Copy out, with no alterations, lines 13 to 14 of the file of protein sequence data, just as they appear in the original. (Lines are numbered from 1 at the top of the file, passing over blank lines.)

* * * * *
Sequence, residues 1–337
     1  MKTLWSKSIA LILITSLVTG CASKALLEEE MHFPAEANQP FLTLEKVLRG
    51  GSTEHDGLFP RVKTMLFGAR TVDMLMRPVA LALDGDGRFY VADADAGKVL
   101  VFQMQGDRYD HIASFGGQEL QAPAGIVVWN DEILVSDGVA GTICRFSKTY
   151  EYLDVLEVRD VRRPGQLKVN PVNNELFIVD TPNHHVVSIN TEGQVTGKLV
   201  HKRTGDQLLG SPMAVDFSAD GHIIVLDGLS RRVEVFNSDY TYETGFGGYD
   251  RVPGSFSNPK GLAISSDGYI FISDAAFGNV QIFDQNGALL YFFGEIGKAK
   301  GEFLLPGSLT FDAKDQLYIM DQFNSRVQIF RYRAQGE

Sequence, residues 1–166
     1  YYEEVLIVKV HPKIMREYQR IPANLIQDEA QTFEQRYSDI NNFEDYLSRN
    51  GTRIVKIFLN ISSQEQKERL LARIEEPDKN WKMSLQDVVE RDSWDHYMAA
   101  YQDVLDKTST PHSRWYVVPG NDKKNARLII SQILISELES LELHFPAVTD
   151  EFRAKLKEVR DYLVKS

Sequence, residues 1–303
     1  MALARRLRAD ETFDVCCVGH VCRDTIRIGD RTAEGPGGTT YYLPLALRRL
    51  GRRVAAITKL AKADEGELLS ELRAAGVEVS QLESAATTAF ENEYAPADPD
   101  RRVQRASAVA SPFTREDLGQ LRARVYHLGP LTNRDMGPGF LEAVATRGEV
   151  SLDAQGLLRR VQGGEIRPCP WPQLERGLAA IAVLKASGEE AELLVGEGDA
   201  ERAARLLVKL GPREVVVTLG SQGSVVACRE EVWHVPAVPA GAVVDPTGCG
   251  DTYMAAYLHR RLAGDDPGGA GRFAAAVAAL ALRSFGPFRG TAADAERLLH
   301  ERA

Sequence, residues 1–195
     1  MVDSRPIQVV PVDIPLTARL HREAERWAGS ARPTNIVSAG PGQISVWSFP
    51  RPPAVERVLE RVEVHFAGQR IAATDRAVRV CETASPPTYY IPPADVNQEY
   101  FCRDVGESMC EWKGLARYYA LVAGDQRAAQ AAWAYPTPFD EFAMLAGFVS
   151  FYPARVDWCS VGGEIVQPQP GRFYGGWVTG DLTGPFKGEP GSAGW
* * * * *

   151  EFRAKLKEVR DYLVKS

Sequence, residues 1–303